Technically Speaking: #NEvCHV

Photo credit: Chris Aduama/aduamaphotography.com

Photo credit: Chris Aduama/aduamaphotography.com

Even though the main story at moment is the acquisition of Jermaine Jones, the Revs did play pretty well to beat Chivas USA by a score of 1-0 on Saturday. Admittedly, Chivas is weak. They’re in last place, and they hadn’t scored in 344 minutes entering Saturday’s match.

The most glaring weakness of the Chivas team was their almost baffling inability to hold the ball, especially in the first half, when the Revs dominated the possession stat by almost 70 to 30 percent. Their players appeared to have enough skill, but they are missing that critical player with the mental and physical talents to serve as midfield general. If they want to climb out of the cellar of the MLS western division, they need to to find a player (or players) who can provide that vital midfield leadership.

Meanwhile, they created only two on-target threats on goal throughout the game. The Revs were pretty much in control for the whole game – but that, in turn, raises the Question of the Day: ‘Why couldn’t the Revs win this game by more than one goal?’

The Revs’ main successes at scoring this season have been through skillful possession-style attacks that free up a forward in or very near the penalty area, following a sequence of tricky passes. A deserved residue of this style of play is the kind of defensive error on the part of the opposing team that resulted in Lee Nguyen’s 56th-minute winner against Chivas.

This is a very appealing style of play – I’m all for it! – but it can’t stand by itself. The problem the Revs have is that opposing teams anticipate their style of attack, and take steps to frustrate it by clogging up their defensive penalty area as the Revs approach it. The best way, in return, for the Revs to frustrate that defensive strategy is to pose a genuine threat from outside the penalty area.

In basketball, by analogy, the inside game (or ‘game in the paint’) has to be complemented by a good outside shooting game for a team to pile up good scoring chances on a consistent basis. It would behoove the Revs to adopt this way of thinking. They could free up their inside-the-area game if they learned to shoot the ball effectively from distance. That threat would give the other team something else to worry about, something to keep them honest, to keep them from crowding the penalty area.

The main reason Rev players don’t choose to shoot from distance is that they don’t have confidence in their ability to get the ball on target, largely as a result of technical deficiencies. For the most part, they seem to have a single all-purpose method of kicking a ball, and they use it indiscriminately for crossing, set-piece kicking, and shooting. In all these cases, they make contact with the inside of the big toe, use a restricted backswing and an even more restricted follow-through, very often finishing with legs crossed and a too-erect upper body, making it almost impossible to follow their shots. They employ only minor technical changes for shooting and crossing. Beyond that, they are regrettably one-footed.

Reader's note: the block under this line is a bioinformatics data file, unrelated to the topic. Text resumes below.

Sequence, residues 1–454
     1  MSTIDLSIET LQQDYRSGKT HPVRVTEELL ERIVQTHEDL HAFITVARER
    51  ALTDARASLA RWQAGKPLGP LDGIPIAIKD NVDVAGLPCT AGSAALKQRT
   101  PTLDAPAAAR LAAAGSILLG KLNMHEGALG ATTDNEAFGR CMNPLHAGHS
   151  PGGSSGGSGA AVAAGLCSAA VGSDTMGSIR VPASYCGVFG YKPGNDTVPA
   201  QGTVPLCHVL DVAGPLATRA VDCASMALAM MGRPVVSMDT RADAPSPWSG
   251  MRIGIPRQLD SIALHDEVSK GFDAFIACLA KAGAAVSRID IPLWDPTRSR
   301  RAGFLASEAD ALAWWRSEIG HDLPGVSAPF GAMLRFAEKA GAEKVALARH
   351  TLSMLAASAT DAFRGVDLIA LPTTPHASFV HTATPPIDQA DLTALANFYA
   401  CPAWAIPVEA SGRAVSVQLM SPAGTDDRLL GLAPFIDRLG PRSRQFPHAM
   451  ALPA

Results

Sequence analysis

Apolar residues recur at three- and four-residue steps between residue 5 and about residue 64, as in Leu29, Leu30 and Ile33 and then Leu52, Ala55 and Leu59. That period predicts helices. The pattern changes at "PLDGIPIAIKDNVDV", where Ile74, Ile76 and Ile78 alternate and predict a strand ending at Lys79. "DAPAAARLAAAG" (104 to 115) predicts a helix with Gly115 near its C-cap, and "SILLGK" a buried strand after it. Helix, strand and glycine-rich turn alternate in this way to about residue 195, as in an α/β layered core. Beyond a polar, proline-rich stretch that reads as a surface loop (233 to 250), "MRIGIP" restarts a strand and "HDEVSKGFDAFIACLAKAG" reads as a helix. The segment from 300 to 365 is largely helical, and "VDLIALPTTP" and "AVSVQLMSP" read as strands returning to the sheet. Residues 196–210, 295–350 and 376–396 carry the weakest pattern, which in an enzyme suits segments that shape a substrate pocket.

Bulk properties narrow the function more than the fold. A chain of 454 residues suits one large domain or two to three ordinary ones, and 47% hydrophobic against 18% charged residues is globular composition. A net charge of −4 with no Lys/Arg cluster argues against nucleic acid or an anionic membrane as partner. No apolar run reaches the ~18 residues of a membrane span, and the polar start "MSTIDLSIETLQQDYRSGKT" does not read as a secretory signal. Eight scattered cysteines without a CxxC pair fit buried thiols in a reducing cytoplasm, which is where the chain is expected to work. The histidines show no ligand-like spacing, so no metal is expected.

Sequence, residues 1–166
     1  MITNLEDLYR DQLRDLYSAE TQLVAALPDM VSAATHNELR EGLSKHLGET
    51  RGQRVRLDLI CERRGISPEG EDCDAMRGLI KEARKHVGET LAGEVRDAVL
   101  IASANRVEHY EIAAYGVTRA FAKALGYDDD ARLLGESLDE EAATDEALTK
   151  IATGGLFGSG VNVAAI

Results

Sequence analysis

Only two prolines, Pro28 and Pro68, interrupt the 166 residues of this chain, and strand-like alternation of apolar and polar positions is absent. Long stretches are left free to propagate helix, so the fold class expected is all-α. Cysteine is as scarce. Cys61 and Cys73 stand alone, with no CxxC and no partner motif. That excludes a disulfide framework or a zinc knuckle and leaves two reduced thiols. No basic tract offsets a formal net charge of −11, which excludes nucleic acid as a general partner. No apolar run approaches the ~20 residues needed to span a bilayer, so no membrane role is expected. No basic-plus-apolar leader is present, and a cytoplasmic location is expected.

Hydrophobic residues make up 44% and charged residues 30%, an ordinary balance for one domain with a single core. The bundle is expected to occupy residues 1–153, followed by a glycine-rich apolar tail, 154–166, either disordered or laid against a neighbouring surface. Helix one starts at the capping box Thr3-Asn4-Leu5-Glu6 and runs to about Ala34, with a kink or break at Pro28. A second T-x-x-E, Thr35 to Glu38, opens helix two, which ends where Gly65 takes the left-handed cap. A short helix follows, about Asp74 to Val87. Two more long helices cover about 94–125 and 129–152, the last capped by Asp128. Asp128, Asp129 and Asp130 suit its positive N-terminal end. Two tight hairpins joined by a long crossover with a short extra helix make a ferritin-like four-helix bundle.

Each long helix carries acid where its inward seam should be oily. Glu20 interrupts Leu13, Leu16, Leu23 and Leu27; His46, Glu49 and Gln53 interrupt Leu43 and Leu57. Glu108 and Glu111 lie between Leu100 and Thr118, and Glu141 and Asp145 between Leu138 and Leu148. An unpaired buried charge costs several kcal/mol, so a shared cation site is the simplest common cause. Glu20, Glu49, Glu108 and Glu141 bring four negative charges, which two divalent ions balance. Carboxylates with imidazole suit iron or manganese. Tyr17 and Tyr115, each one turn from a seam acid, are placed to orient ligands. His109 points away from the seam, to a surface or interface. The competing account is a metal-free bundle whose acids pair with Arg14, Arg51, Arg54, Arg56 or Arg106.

Admittedly, they do make good contact upon occasion. Nguyen’s goal was a notable exception, as was Neuman’s shot from 25 yards in the 76th minute – which, if it was not picture-perfect, was pretty close to it, a rarity for MLS. But far too often they shoot off-target when they absolutely should not. Daigo Kobayashi and Nguyen both had clear shots from inside the penalty area that soared unnecessarily over the bar.

In short, poor shooting technique will make players instinctively reluctant to shoot the ball from outside the area. A bad miss from inside the area will reinforce this hesitancy.

The Revs coaching staff should recognize these problems and focus on solving them. Learning proper shooting technique and learning to kick with the weaker foot are not impossibilities. If the Revs could create a more balanced scoring style, they would make life much more difficult for opposing defenders. The flow of play this past Saturday could (and should) have led to a 3-0 victory. With an effective outside game, maybe underachieving of this type can become a thing of the past.

Andrew Farrell could be a real offensive threat if he were not so insecure about his shot. He seems to rush and lose all poise when he shoots – yet he has terrific physical abilities, and few ingrained bad shooting habits. His positive mental attitude makes him a prime candidate to focus on refining his shooting technique. If he did, he would become the offensive weapon the Rev brass feel he could be. Besides, I think he wants to lose that beard.

Hope to see Jermaine Saturday vs Toronto.

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About Rick Sewall

Rick Sewall played four years at Yale University (1961 to 1965), nine years semi-pro for New Haven City (1966 to 1974), three years on the Connecticut Senior All-Star team (1972 to 1974), one year for the Boston Minutemen (1975), three years for Framingham Belenenses (LASA League, 1980 to 1982), and many years of over-30 and over-40. He has coached at all levels from kindergarten through college, including Boston Latin High School from 1986 to 1999 and girls’ club soccer from 1991 to 2005 (including two Mass. state championships) and runs camps and clinics focusing on technical training. A USSF B licensed coach, he was taught by, played with, and has coached with and for Hubert Vogelsinger, his primary soccer mentor, for over 40 years.